The Center Counter is easy to play -- if you know what you are doing and you want to learn to play positionally. It is similar to the Caro-Kann defense with ...Bf5 (1. e4 c6 2. d4 d5 3. Nc3 dxe4 4. Nxe4 Bf5). The fundamentals are similar in both openings and the pawn structure is the same.
--The Queen is much more active than it is in the Caro-Kann -- it deploys on the a5 square.
--There is not as much theory to learn.
--It is not as easy for White to lock up the position if that is what he wants to do. In the Caro-Kann, White can lock up the position at will (1. e4 c6 2. d4 d5 3. e5).
--White has a wide variety of setups to choose from.
--If Black is careless, White can make the Queen into a target.
--In some of the main lines, White can secure a dangerous initiative on the King Side that can swamp Black if he doesn't know what he is doing.
With that in mind, let's show how not to play the Center Counter. In this game, Black plays the move 3...Qe5+?!. This is one of those moves which looks aggressive, but is not. Its superficial aggression makes it appealing to patzers, but in fact, 1100 players can take advantage of this move simply by interposing with one of the two pieces and swarming the Queen. Even stronger players do not have much more luck; some go down in a mere 21 moves. Here is an example:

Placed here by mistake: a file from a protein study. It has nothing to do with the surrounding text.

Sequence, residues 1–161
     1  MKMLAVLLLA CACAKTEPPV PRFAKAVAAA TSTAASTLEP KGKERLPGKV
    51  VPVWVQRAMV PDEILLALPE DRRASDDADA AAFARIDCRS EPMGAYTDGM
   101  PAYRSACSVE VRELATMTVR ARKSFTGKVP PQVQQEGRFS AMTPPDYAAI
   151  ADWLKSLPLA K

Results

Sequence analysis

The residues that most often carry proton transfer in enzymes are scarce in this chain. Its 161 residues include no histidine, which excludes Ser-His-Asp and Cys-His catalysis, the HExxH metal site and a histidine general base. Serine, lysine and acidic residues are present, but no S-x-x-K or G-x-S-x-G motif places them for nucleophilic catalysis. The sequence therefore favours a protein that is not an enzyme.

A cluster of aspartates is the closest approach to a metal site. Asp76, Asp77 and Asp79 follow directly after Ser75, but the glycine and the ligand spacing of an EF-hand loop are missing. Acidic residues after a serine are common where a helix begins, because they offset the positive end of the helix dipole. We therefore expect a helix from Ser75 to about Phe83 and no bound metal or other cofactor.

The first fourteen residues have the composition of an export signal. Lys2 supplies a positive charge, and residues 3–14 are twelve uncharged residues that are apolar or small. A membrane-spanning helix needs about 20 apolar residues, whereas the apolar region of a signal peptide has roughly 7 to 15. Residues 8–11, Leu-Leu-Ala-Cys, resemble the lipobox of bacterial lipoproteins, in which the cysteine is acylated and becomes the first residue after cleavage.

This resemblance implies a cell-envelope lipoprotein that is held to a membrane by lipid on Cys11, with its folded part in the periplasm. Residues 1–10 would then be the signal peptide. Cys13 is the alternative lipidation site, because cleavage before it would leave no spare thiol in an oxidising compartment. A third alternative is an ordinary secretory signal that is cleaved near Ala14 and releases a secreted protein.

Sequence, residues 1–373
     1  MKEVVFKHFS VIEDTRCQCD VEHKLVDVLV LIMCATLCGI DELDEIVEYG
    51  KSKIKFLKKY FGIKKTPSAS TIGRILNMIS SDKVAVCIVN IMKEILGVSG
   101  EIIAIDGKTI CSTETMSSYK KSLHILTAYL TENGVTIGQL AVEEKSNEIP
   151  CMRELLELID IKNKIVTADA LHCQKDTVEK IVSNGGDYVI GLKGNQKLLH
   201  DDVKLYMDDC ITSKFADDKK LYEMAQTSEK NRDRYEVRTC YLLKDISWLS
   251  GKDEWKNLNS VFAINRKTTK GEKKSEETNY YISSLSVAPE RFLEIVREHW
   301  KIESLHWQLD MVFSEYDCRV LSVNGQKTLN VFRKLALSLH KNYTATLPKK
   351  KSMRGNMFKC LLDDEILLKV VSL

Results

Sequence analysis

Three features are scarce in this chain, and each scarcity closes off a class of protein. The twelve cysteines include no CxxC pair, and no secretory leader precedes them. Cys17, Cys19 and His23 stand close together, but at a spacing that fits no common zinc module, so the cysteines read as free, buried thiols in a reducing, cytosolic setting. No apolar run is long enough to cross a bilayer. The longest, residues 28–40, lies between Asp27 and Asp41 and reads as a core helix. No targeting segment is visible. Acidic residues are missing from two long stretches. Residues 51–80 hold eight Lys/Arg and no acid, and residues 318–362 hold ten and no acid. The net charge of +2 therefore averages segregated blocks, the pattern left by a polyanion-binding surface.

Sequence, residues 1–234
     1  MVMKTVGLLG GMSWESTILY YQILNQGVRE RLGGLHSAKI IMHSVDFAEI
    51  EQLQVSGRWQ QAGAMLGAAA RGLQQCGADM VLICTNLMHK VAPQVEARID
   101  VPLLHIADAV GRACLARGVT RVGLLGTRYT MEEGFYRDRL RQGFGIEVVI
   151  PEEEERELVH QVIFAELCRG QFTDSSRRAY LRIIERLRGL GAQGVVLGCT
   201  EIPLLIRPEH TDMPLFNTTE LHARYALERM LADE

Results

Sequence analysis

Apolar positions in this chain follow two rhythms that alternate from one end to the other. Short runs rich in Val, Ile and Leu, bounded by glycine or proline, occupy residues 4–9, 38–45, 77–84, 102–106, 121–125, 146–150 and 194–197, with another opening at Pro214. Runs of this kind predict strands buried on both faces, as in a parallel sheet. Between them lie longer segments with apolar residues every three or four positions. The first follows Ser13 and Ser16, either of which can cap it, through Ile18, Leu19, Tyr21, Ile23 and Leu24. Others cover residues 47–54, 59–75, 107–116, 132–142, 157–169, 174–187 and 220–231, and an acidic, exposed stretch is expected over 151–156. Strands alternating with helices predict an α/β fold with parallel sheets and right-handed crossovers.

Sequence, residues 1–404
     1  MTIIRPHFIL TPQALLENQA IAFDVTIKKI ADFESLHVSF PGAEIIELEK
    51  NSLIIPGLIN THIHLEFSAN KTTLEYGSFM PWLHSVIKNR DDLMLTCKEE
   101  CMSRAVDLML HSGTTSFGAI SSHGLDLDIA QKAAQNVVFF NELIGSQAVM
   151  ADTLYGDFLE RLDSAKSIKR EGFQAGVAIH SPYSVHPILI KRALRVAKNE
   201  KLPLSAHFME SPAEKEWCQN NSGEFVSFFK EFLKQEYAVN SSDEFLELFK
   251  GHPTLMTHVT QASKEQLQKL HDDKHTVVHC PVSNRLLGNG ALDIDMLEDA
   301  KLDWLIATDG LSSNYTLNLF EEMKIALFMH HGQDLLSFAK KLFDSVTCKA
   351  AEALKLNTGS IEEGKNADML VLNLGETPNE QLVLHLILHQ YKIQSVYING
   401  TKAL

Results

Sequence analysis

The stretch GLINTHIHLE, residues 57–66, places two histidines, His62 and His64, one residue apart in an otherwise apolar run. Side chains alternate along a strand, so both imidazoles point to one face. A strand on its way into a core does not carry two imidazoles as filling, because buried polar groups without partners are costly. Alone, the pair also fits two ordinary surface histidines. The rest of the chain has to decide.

In this game, Black moved the Queen five times in the first 11 moves while White was easily able to get his pieces into play.
3...Qd8 is a little better, but still too passive and strong attackers can still dismantle it in 20 moves if Black is not careful. Here are two examples of high-level play against 3...Qd8:
With that in mind, there are two ways of proceeding against 3. Nc3 -- 3...Qd6 and 3...Qa5. This survey will look at 3...Qa5. It is not intended to be a complete manual, but an attempt to point the reader in the right direction. My comments will be in the diagrams.